|Showing the height of the bar|
This was my first big fitness related build when I moved into my house and it’s the one which gets the most use. The total cost was about $100 which I’m pretty happy with. Before I had this built I had to do my pull ups on the washing line, or go across town to a park to do my pull ups, which weren’t really the best options. This allows me to knock out my pull ups (or hangs) while I get dinner ready, or work on homework etc. The original plan was to build it out of scaffolding pipe like the Kavadlo brothers so I would be able to move the bar up and down as well as work on flags; however I priced up the pipe at over $200 which was just too much for me at the time.
I used 100x100mm H4 treated wooden posts for the whole thing; they stand 3 meters out of the ground with 1.1 meters underground. This was the maximum depth I could dig with the post-hole borer I was using. The posts were concreted in with 2 bags of cement per post ($40 total cost). The cement I used was a simple, pour in and water type, no mixing required. The frame is 1.8m wide to the outside as 1.8m is a standardised size for the posts. This makes the whole frame 3.1m high. The total cost for the wood was $60.
The set up for the bar was sized at three heights, the top is set so that I have a small jump to reach the bar so that I can do pull ups with a full hang. The next rung down was sized to give my head just enough clearance when doing muscle ups. The bottom rung is set up so that I can do Australian pull ups.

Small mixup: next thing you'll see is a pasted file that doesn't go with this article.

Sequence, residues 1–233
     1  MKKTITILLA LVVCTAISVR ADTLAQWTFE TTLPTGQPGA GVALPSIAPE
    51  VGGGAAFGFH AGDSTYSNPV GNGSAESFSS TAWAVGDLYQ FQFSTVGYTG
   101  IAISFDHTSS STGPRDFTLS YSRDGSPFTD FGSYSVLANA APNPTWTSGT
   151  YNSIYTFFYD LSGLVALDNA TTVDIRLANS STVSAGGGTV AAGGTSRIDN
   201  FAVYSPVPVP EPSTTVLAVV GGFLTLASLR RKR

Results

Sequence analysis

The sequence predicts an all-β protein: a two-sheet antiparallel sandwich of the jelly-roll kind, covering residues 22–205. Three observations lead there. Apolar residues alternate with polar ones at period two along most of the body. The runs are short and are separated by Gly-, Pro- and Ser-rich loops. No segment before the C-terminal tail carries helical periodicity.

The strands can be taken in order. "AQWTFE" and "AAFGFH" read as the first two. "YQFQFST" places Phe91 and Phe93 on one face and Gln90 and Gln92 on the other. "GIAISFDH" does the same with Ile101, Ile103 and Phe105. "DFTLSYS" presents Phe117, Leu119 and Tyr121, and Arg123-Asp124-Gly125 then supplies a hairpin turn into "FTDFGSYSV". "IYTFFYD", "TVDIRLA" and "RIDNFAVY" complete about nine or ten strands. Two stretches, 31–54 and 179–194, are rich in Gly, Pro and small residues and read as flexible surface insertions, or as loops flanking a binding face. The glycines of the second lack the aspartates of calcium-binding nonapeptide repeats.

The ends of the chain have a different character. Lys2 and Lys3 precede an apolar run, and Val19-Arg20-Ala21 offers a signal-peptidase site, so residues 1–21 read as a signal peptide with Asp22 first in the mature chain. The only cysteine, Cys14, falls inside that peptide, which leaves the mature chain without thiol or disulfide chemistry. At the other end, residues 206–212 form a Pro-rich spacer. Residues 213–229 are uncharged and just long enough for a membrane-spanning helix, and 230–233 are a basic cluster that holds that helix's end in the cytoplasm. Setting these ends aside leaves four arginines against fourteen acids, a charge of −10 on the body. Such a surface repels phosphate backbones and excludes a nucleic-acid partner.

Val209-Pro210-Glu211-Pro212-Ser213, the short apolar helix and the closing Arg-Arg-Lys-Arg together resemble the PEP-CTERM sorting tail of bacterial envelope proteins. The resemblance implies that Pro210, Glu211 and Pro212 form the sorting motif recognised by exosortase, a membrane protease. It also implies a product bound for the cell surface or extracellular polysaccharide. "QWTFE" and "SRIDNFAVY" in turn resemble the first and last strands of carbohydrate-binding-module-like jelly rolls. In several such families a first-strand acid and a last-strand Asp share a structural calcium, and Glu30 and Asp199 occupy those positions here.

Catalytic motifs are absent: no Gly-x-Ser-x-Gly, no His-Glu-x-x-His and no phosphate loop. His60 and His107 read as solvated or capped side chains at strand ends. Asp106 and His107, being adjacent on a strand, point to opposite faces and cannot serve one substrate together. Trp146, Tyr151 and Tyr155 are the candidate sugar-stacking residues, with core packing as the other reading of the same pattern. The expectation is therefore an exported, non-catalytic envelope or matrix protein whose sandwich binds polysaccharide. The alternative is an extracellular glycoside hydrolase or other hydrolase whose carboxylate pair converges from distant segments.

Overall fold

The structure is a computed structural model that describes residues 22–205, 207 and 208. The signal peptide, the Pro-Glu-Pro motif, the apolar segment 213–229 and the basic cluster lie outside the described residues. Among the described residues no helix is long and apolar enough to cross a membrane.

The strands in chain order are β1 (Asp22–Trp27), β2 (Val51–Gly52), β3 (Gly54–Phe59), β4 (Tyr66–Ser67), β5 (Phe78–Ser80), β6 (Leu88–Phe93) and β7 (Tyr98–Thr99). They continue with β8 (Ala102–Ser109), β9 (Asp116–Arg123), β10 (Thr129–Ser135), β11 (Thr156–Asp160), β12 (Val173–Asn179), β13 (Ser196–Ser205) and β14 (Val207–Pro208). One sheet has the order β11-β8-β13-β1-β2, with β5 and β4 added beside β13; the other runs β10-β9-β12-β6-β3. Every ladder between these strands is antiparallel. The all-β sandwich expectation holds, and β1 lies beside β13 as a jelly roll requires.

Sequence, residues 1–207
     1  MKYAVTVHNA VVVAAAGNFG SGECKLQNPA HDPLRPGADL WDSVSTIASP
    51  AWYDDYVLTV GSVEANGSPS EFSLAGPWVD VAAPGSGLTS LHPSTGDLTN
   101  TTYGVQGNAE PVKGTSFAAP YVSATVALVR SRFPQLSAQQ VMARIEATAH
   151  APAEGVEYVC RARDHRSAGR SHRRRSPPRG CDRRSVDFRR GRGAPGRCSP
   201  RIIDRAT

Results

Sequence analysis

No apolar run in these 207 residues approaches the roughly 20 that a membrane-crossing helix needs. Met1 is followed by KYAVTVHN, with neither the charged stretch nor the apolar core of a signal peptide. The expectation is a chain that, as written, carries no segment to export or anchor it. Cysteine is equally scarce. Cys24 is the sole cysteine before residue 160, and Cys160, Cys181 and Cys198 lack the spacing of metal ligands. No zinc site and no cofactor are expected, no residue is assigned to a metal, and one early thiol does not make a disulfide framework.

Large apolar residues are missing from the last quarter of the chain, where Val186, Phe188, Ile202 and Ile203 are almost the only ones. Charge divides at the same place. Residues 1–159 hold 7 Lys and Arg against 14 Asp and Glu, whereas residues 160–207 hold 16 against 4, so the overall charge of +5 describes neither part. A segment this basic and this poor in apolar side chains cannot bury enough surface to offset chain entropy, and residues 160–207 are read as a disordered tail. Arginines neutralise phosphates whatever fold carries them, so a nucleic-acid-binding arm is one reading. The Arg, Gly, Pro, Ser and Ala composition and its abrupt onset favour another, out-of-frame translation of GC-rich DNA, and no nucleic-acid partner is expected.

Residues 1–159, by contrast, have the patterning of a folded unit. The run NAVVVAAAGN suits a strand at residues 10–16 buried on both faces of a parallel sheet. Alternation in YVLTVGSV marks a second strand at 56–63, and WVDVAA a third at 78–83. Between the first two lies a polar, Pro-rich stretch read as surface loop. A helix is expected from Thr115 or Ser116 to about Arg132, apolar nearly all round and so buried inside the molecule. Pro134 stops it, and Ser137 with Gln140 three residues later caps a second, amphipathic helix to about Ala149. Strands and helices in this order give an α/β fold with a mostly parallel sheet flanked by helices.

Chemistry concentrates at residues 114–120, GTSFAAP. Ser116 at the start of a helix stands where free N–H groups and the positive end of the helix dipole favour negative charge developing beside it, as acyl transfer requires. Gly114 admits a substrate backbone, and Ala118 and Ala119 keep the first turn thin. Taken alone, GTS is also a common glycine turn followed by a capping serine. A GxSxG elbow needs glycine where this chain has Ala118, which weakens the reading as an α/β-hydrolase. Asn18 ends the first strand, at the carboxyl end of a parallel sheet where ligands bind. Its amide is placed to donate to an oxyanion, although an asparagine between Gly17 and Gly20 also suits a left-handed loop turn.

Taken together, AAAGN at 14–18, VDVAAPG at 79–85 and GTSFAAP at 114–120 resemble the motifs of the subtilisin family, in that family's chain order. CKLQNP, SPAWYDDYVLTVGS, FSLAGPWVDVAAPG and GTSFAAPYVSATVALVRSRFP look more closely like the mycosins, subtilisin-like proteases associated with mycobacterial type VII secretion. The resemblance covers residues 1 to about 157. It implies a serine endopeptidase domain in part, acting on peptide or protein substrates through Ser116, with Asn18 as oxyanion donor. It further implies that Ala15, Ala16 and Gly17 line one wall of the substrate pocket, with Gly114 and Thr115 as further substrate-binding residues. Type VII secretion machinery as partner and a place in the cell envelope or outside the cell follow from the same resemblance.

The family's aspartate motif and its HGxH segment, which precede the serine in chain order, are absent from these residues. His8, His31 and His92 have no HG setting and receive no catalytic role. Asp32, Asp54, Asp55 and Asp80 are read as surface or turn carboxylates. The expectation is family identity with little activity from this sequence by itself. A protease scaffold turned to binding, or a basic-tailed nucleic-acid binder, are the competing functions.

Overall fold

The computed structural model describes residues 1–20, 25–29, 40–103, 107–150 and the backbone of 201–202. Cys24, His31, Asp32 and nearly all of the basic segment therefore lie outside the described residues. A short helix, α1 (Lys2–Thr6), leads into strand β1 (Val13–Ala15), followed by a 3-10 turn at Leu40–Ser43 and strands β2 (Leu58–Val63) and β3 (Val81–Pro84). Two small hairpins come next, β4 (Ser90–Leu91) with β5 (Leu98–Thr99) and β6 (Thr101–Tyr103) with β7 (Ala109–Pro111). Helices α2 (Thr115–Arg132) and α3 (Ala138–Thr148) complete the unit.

The rungs were made with old wood I had in the garage, but ideally they could be made with steel (salmon ladder anyone?). These are just screwed on and have held up very well. The ring bolts at the top are for attaching my gymnastic rings and rope ladder.
|Pull up, Muscle up and Australian pull up height.|
Notes and suggestions:
To get the frame level and square, set the top beam up first and square up the posts before adding the concrete. I was lucky that I could tie off to the fence behind the frame to hold it square while the concrete set.
Ideally I would have made the frame wider (approximately 2m to the inside) to allow for an iron cross to be performed, but realistically I would require training at a proper facility to work towards this skill. And since 1.8m is a standard size for the post that is the width I went with.
I would also have liked to build the frame 3.3m high so that I had room to jump to the pull up bar, muscle up, and still clear my head from the top beam. However the frame is way too big as it is, given the proximity of the neighbours house so I had to reign myself in a bit. I’m lucky the neighbour is a good guy and didn’t complain.
Given the height, the frame does swing a bit, not enough to make it fall over but it did help to brace one side against the fence. I still need to brace the other side too which I haven’t done. If you are making one and don’t have a fence to brace off, you could set two extra posts a meter or so behind the frame and brace off that. You could even set it up to be parallel bars behind it.
One issue I have had with the way the bar is set up is that it can twist since it is not locked in. I think this may be why I can’t get a clean muscle up as the twisting means I cannot maintain a false grip. This would be solved with drilling the frame and bar for a pin (large nail) which was removable but prevented the bar from rolling.
All finished I am very happy with the frame I built. It’s extremely versatile and sturdy.
|Rope ladder and Gymnastic rings|